Four-Lined Plant Bugs (Poecilocapsus lineatus, family Hemiptera) are one of the sneakiest, quickest hitting spring pests found in Ohio. Hordes of hungry bugs descend seemingly out of nowhere to cause extensive leaf damage, then they just fade away leaving behind their foliar wreckage.
The native plant bugs have one generation per season and their development from eggs to adults occurs over just a few weeks in the spring. Winter is spent as eggs deposited in vertical slits around 2 – 3" long created by the females in their host plant stems.
Both the adults and nymphs are heavy feeders. However, the nymphs produce the most significant damage because they feed over a longer period as they develop through five instar stages. The bugs are finished with their development for the season in Southwest Ohio; however, they are no doubt still wreaking havoc in the northern part of the state.
Like many plant-feeding hemipterans, the bugs inject enzymes into the plant to cause cells to collapse. They then feed on the resulting "cell slurry." The damage appears as small, round, black sunken spots that may coalesce into extensive blackened areas on infested leaves. The symptoms are commonly mistaken for a plant leaf disease.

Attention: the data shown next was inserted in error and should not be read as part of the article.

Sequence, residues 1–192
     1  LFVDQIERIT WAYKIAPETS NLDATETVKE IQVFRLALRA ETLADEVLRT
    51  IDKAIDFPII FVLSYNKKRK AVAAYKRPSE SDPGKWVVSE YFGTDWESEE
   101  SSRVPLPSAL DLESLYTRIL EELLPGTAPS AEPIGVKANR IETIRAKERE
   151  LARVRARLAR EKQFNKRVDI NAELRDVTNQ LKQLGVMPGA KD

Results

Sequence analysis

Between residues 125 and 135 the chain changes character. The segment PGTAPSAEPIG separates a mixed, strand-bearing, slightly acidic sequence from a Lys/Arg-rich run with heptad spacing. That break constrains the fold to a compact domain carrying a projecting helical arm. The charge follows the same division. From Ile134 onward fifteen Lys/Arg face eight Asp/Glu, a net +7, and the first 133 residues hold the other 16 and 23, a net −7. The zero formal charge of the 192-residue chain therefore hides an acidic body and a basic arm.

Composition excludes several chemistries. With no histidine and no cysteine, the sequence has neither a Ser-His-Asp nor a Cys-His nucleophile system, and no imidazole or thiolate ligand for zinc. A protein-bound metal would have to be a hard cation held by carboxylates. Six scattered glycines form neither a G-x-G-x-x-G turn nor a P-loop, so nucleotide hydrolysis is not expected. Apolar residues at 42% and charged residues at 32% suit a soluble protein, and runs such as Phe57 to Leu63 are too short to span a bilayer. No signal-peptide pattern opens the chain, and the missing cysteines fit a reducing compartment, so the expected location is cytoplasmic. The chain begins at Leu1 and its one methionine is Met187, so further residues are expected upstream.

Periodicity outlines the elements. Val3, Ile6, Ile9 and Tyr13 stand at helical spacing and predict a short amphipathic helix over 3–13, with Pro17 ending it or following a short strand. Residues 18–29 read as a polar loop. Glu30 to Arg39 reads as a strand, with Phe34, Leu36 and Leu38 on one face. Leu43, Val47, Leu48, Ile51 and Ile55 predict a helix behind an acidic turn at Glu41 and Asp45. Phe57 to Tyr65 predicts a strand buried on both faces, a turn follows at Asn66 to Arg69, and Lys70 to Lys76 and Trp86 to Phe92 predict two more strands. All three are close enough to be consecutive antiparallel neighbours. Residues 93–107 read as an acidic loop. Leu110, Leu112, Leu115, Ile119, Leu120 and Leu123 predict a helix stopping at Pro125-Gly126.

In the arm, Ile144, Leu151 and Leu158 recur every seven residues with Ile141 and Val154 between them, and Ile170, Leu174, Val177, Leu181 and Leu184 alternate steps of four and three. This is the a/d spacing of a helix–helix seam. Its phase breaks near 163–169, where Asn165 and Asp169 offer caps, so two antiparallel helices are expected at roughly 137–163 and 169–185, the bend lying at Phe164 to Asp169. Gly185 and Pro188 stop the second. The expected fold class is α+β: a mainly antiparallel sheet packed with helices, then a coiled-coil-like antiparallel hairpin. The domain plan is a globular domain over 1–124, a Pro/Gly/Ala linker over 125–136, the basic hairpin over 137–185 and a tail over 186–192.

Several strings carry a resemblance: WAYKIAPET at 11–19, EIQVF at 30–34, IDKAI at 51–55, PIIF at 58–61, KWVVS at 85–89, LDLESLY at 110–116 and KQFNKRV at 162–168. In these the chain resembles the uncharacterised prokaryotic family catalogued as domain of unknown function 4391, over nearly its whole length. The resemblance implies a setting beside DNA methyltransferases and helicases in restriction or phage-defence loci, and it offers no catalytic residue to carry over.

This sucking insect feeds on over 250 plant species including woody ornamentals and herbaceous perennials. They have a particular affinity for herbs, especially members of the mint family (Lamiaceae), and high populations can produce significant plant injury. The bugs can also damage many annual vegetables; however, we seldom see significant injury in Ohio because the bugs are gone by the time plants in vegetable gardens truly get up and running.
One of the most effective management options in perennial herb gardens as well as landscape plantings of annuals and perennials is to closely inspect plants for oviposition scars later this season. Stems that show oviposition scars should be cut and destroyed to eliminate eggs.
Weed management is another important step in reducing localized four-lined plant bug populations. For example, I consistently see some of the heaviest damage on Teasel (Dipsacus spp.). The preference for these non-native weeds is so strong; I use the teasels to monitor localized four-lined plant bug population densities. Mowing to destroy teasel or other weeds showing feeding symptoms will eliminate them as repositories of bug eggs that will hatch next season.